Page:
Jill Weisenberger, M.S., R.D.N., C.D.E : Before You Lose Your Mental Edge

Dana Dovey: Coffee Drinkers Rejoice! Your Cup Of Joe Can Prevent Death From Liver Disease

Chris Weller: Electric 'Thinking Cap' Puts Your Brain Power Into High Gear

The Kosher Gourmet by Marlene Parrish A gift of hazelnuts keeps giving --- for a variety of nutty recipes: Entree, side, soup, dessert

April 4, 2014

Rabbi David Gutterman: The Word for Nothing Means Everything

Charles Krauthammer: Kerry's folly, Chapter 3

Amy Peterson: A life of love: How to build lasting relationships with your children

John Ericson: Older Women: Save Your Heart, Prevent Stroke Don't Drink Diet

John Ericson: Why 50 million Americans will still have spring allergies after taking meds

Cameron Huddleston: Best and Worst Buys of April 2014

Stacy Rapacon: Great Mutual Funds for Young Investors

Sarah Boesveld: Teacher keeps promise to mail thousands of former students letters written by their past selves

The Kosher Gourmet by Sharon Thompson Anyone can make a salad, you say. But can they make a great salad? (SECRETS, TESTED TECHNIQUES + 4 RECIPES, INCLUDING DRESSINGS)

April 2, 2014

Paul Greenberg: Death and joy in the spring

Dan Barry: Should South Carolina Jews be forced to maintain this chimney built by Germans serving the Nazis?

Mayra Bitsko: Save me! An alien took over my child's personality

Frank Clayton: Get happy: 20 scientifically proven happiness activities

Susan Scutti: It's Genetic! Obesity and the 'Carb Breakdown' Gene

Lecia Bushak: Why Hand Sanitizer May Actually Harm Your Health

Stacy Rapacon: Great Funds You Can Own for $500 or Less

Cameron Huddleston: 7 Ways to Save on Home Decor

The Kosher Gourmet by Steve Petusevsky Exploring ingredients as edible-stuffed containers (TWO RECIPES + TIPS & TECHINQUES)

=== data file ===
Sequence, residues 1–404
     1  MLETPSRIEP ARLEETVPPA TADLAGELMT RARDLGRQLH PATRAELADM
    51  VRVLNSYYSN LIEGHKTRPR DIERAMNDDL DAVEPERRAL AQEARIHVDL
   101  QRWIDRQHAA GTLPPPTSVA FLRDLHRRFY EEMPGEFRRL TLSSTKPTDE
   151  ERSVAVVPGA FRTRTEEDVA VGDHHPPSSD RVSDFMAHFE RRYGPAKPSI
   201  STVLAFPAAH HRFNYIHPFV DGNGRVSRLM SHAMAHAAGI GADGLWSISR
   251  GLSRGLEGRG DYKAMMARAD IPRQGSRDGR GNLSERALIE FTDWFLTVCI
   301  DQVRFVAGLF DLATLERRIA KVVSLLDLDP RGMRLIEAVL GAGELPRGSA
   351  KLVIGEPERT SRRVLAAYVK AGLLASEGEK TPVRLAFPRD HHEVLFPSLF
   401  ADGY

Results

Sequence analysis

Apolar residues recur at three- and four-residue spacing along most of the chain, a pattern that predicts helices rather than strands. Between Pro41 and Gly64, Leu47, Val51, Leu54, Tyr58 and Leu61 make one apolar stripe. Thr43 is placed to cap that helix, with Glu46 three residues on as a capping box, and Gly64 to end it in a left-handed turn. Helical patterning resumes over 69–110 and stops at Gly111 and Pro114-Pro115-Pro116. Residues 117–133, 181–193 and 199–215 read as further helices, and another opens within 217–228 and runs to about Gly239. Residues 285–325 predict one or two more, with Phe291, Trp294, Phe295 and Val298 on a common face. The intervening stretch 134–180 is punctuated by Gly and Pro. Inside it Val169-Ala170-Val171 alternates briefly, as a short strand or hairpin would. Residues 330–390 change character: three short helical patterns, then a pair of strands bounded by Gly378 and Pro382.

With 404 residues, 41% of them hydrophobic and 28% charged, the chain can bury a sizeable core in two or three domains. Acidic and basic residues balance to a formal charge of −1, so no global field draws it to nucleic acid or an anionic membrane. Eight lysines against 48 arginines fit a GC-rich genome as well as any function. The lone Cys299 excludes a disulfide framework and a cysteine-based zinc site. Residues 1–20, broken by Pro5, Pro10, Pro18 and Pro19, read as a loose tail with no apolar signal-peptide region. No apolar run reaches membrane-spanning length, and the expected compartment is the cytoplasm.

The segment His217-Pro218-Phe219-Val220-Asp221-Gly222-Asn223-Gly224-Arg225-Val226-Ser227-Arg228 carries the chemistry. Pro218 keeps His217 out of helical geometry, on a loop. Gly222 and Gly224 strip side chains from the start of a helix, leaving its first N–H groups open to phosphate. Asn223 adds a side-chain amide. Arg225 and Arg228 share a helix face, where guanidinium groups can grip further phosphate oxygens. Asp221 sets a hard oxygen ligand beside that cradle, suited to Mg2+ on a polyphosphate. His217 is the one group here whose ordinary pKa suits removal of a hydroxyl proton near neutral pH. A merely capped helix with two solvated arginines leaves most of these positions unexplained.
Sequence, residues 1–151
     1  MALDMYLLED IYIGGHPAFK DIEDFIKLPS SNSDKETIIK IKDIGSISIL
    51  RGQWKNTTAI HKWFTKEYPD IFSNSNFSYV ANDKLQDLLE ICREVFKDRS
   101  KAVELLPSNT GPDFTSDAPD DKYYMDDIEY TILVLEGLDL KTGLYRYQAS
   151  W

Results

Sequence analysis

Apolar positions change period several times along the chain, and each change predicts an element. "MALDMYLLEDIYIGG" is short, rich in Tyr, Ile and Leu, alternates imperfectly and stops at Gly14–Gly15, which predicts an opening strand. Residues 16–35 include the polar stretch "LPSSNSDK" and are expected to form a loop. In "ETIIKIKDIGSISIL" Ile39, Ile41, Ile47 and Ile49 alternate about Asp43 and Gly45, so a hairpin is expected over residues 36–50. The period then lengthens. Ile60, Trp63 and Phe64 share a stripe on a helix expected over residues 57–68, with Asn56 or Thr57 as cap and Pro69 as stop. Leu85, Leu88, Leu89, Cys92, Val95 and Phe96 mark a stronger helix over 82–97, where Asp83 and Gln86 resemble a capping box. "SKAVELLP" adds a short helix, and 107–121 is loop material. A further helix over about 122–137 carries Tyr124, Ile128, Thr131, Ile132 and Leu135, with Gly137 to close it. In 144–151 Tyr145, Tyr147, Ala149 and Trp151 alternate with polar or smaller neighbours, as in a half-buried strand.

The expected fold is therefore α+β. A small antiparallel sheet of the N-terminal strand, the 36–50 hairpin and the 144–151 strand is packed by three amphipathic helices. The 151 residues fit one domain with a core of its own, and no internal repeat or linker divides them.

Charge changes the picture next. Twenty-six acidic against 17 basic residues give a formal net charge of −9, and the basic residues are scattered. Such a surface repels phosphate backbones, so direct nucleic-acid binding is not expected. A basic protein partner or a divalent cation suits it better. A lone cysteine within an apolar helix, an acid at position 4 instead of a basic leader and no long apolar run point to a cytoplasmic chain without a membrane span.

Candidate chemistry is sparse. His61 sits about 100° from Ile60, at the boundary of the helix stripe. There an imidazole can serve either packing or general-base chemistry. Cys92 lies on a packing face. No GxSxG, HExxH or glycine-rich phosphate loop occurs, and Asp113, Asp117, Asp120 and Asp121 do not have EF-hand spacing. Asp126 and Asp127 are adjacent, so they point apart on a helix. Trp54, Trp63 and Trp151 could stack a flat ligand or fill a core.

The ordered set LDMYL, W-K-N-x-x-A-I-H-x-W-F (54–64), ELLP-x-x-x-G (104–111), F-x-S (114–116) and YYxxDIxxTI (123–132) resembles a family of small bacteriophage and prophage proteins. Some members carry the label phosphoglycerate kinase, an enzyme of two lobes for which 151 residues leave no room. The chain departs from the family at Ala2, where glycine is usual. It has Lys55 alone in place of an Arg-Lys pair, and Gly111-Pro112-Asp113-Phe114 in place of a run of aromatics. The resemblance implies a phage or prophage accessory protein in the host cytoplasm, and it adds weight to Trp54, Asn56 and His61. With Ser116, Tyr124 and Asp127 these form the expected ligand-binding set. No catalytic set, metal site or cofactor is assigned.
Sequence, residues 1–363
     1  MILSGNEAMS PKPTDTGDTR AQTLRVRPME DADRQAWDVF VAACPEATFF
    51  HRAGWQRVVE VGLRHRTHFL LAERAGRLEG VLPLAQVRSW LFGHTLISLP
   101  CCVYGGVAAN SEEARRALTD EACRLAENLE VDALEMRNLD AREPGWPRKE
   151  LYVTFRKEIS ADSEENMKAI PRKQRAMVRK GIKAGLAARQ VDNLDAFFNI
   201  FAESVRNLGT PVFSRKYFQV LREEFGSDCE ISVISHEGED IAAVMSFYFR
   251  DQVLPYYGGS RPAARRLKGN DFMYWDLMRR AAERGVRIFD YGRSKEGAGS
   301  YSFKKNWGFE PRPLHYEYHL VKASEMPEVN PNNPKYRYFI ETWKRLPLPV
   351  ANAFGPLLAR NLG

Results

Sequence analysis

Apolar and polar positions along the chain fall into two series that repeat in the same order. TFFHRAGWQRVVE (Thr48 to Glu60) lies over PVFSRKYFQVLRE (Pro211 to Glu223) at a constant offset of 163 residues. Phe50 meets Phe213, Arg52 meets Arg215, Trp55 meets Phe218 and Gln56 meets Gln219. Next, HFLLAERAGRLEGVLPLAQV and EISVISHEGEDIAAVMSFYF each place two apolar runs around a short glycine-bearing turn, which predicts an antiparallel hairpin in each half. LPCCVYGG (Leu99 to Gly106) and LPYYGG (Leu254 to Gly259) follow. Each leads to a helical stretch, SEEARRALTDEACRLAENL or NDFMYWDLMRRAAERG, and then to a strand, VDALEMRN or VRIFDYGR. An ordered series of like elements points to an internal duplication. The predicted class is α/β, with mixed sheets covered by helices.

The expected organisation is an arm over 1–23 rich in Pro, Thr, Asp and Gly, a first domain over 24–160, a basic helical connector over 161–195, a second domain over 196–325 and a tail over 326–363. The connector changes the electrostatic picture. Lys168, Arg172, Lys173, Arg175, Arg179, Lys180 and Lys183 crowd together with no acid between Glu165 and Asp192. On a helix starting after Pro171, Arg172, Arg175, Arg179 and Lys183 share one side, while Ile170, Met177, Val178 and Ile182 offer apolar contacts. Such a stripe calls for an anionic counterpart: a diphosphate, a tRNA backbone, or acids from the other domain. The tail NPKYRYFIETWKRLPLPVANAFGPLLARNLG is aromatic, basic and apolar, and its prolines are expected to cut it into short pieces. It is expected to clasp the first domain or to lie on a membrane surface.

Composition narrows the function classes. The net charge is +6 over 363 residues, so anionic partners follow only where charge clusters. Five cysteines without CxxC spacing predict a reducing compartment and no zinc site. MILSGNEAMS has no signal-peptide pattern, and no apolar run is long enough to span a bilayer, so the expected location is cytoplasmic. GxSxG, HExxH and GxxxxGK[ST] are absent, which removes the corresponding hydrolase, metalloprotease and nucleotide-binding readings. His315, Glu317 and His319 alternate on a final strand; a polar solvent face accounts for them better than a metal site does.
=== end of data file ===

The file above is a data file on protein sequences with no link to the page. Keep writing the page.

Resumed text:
Jewish World Review Feb 23, 2012/ 30 Shevat, 5772

Foster Friess' Joke

By Bob Tyrrell

http://www.JewishWorldReview.com | There is another horripilation on the campaign trail. Someone has told a joke that has roused the virtue police. I am speaking of the virtue police who are working for the grim forces of political correctitude. They do not find the joke very funny. The jokester is a supporter of Rick Santorum, and now he too is on the hot seat for it.

Late last week, his supporter, the amiable Foster Friess, perpetrated the joke. It went like this: "You know, back in my days, they'd use Bayer aspirin for contraceptives," the easygoing multi-millionaire philanthropist told MSNBC. "The gals put it between their knees, and it wasn't that costly." Kaboom — all hell broke loose. According to the Washington Post, "the remark outraged women's groups and many others."

Who would those "many others" be? Democrat campaign strategists? Stockholders in Bayer aspirin? Actually, I have not found anyone whom I know who gave the joke a second's thought, and my confreres include members of the Concerned Women for America, scores of fellow bird watchers, and many people who use Bayer aspirin every day, particularly after reading the Washington Post.

Actually, the Post would be on firmer ground if it had spoken merely of " some women's groups." And let me add that even the complaints cited were pretty lame. I heard on CNN Friday some feminists gassing on about Friess' joke, and they brought up Santorum's response to it. Santorum said that it was a "bad joke" but that he was "not responsible for it ... that is 'gotcha'" politics.